By Colin Rice
Wire rope will develop defects during use through several different mechanisms each of which will affect the strength of the rope and therefore limit the working life of the rope.
This is the second article of Part 2 of our Technical Series on Wire Rope Safety. Click here for an outline of the entire Technical Series on Wire Rope.
The number of wire breaks will increase steadily during the life of the rope due to several factors but primarily due to fatigue caused by the rope travelling through sheave wheels. Neither the OHS Act nor the MHSA stipulates how many wires need be broken before a wire rope is discarded. In addition to the number of wires broken, attention must be given to the position and the concentrations of wire breaks as a localized concentration, although less than the number specified, will be sufficient reason to discard.
Locating wire breaks
Inspection is done by first visually inspecting the full length of the rope. In some cases it can be helpful to spool the rope slowly through the hand. Special attention has to be paid and strong protective gloves must be worn. A soft cotton or similar type cloth held against a moving rope will be caught by protruding ends and thus detect the broken wires.
The detection of broken wires in the strand valleys is important but can be difficult. The use of a wire brush on a dirty, heavily lubricated rope can loosen, but not always remove old lubricant and the brush may have to be cleaned frequently with a solvent. Where solvents are used to clean the rope surface, they should be used sparingly and the rope section should be thoroughly lubricated afterwards.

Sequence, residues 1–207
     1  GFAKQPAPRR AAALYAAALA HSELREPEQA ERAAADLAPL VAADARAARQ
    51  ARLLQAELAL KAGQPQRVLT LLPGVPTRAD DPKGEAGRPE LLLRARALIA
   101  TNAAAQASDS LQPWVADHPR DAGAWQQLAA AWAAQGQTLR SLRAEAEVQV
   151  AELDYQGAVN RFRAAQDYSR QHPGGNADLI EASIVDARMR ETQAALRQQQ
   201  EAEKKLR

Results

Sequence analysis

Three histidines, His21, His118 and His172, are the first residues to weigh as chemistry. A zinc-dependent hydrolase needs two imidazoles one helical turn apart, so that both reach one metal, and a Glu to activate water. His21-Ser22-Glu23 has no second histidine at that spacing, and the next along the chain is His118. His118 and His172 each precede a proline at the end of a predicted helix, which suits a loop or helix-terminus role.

Reduction in rope diameter
Reduction in diameter can be caused by abrasion, corrosion or a local failure of the rope core. It is recommended that a wire rope should be discarded when the rope diameter anywhere is reduced to 90 % of the nominal diameter.
Corrosion may be external or internal, general or localized. It is recommended that a wire rope should be discarded when the surface of the wires is severely roughened or pitted, or if the wires are slack within the strands due to wastage.
This deformation, while it may not necessarily affect the strength of the rope, can transmit pulsation and produce uneven rope wear. When the rope is laid on a level surface under no load, the maximum height of the “wave” should not be greater than the nominal rope diameter + 1/3, otherwise the rope should be removed from service.
Birdcage (Basket Deformation)
A birdcage develops when the outer layer of strands becomes longer than the inner layer or layers. The condition may occur as a result of incorrect fitting, tight sheaves, shock loading, incorrect use of a swivel or the application of a heavy load to a new rope before the strands have settled into position. Ropes with a birdcage should be discarded.
Increase in rope diameter
A local increase in rope diameter with the core easily visible between several covering strands can be caused by shock loading or, in the case of fibre main core ropes, by the absorption of moisture. A node is a justification for discard.
Deformation caused by a loop in a rope being tightened when the rope cannot rotate about its axis to release the torque. The tight bend or kink thus formed can result in a serious loss of strength due to unbalance in the lay lengths. Ropes with kinks must be discarded.
The next article in this series provides important guidelines for wire rope discard standards.